Conservation Work in India
“As I have said, the environment is not the property of the government; it belongs to the local people. It is the people who need the call of the birds in the morning. When a bird sows the seed of a plant, the oxygen produced is not just utilized by the government officials, but the ordinary people as well. The fish of the Ganges, is it only eaten by the government officials? Can only the government officials bathe in the Ganges?
“If everyone is using the resources of the environment, then I feel the environment is the property of every one of us, If we don’t save the environment… the coronavirus pandemic that the world is fighting against now with time we are going to face much tougher challenges in the future until the human race is wiped off. We still have the time to fix the situation.”
“There are a few places that I want to visit. I am trying to visit these places through my photographic work. These include the Galapagos Island, Africa, Atlantic Ocean, and the Amazon rainforest. These few places are my dream destinations, and I have to visit them in this lifetime.”
Struggles of a Wildlife Conservationist
“When leading the life of a wildlife photographer, the experience is not that painful. But for those working as a wildlife conservationist, life is stressful.
“If a villager is killing a bird, he has to go and try to save it. He explains to the villager why he shouldn’t kill the bird, but the villager is adamant. He may even be beaten up by the people for this. This happens even when saving snakes. Also, I have been beaten up many times.
“‘He is eating a bird, so who the hell are you to disturb him? The bird is not your personal property, right? It is nature’s gift to him, won’t he eat it?’ I have heard such things. If I try to stop it, I get beaten.
“Then there are snakes. Instead of killing a snake, if I capture it and release it outside the village, that is also seen as a crime. Even then, I am beaten up. These struggles take up a large part of my time.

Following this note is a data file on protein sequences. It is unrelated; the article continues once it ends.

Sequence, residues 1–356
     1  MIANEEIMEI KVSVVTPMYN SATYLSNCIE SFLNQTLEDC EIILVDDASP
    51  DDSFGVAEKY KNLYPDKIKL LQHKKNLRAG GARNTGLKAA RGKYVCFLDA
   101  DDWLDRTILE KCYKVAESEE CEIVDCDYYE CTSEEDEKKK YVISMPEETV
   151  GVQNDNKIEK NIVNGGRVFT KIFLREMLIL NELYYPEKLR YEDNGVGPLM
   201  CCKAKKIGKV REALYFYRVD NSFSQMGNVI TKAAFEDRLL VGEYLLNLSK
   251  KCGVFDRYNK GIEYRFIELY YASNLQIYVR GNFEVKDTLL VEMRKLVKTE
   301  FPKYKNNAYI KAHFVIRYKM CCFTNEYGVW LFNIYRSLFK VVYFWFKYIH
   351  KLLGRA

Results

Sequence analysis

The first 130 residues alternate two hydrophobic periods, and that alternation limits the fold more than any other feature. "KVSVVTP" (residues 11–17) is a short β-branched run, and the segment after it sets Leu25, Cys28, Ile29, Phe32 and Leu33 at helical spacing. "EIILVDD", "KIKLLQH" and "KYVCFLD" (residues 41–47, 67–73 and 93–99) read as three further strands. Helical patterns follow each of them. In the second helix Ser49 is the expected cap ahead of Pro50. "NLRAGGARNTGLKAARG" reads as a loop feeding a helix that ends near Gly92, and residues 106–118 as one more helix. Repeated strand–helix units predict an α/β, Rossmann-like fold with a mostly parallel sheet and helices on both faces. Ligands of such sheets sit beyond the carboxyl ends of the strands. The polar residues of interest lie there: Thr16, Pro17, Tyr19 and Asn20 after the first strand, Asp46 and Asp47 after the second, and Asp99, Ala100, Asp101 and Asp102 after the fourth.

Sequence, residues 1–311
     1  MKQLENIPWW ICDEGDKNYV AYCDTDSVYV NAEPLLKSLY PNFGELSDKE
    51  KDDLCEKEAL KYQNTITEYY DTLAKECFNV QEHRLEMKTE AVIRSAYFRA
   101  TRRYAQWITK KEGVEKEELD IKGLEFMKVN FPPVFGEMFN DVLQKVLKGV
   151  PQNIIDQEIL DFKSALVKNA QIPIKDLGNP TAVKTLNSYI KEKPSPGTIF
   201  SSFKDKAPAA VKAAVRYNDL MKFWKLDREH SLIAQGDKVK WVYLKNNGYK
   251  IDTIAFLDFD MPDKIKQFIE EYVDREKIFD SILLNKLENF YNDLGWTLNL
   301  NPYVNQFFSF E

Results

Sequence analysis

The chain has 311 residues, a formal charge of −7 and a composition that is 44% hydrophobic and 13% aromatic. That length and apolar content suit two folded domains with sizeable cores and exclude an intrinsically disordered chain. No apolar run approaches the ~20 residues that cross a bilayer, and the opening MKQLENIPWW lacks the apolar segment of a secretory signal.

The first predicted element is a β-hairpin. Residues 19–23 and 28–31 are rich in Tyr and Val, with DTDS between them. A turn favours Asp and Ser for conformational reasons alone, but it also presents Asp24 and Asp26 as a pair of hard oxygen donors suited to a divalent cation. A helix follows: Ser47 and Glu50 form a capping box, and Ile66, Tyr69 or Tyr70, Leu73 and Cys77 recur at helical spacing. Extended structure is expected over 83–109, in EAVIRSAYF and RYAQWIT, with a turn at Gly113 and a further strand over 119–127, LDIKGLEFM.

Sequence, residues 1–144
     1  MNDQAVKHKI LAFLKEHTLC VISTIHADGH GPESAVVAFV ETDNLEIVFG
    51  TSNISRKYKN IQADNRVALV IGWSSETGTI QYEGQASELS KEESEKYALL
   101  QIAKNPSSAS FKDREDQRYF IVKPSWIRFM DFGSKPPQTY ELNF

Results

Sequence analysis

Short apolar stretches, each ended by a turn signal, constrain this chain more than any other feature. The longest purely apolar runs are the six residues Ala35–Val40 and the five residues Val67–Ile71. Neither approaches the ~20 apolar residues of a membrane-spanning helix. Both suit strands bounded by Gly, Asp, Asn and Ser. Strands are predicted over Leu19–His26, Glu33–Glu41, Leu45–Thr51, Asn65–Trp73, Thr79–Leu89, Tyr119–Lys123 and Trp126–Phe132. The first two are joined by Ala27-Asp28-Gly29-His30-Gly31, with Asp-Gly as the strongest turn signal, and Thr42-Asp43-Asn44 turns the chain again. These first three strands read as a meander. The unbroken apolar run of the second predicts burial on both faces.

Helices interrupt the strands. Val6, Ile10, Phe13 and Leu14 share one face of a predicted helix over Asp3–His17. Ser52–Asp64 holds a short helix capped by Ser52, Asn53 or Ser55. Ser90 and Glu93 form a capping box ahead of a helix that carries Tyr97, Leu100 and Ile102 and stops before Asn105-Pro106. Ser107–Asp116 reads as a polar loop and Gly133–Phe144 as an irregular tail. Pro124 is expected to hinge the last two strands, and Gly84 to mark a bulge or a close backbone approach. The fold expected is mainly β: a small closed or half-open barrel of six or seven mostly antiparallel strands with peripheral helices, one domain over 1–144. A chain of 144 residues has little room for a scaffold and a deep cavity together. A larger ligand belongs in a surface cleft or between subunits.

“Now, people understand what I wanted to tell them. They understand why they must save snakes. If they kill snakes, the population of rats will grow uncontrollably. Earlier, people in my area never used to catch snakes; the snakes were always killed. Today, people call me, my brother, or the people working for me. They say, ‘Brother, we have found a snake here; please come immediately.’ Every year, we rescue around 1,500 snakes from our area.”
A Conservationist First, or a Photographer First?
“Conservation almost never happens without photography. Only after you click a photograph will you be able to show people the need for conservation. You can show the people that a bird is eating fruit, and then it is dropping the seed in the soil. When you tell the people verbally, they don’t trust you. But once you show them through a photograph, they go, ‘Oh my god! This is brilliant.’
“So tell me, should I consider myself a photographer first or a conservationist first?”
What I Want From Life
“I don’t have many things that I want from life. I am happy to have been born here. I want to see nature and save nature before I leave Earth. That is what I want my legacy to be. I don’t want to give birth to a thousand kids and give them instructions like “don’t use plastic”, which my next generation will forget.
“I don’t have time to think about family or religion; whatever time I have, I spend it thinking about nature. A man’s life is concise; we are not elephants that we will live for a hundred years. We can’t afford to procrastinate. We only live till maybe 70 years, after which diseases will crop up here and there, and die soon. In these 70 years, I have to fight to save the environment. If I can successfully do that, everyone’s life will be better. If I can’t, everyone will suffer equally.
“Nayachar is an impoverished village. We are trying to plant flowers and fruit trees along every street in the village. But the truth is, few people are willing to do good things. For other things, we can get many people to help. This is the reality of life. As I told you, 7 out of 10 people are exploiting the Earth, and the rest three are trying to save it. Coronavirus has been here for four months now; if we didn’t have the three people trying to save the Earth, corona would’ve killed us all in one month only.”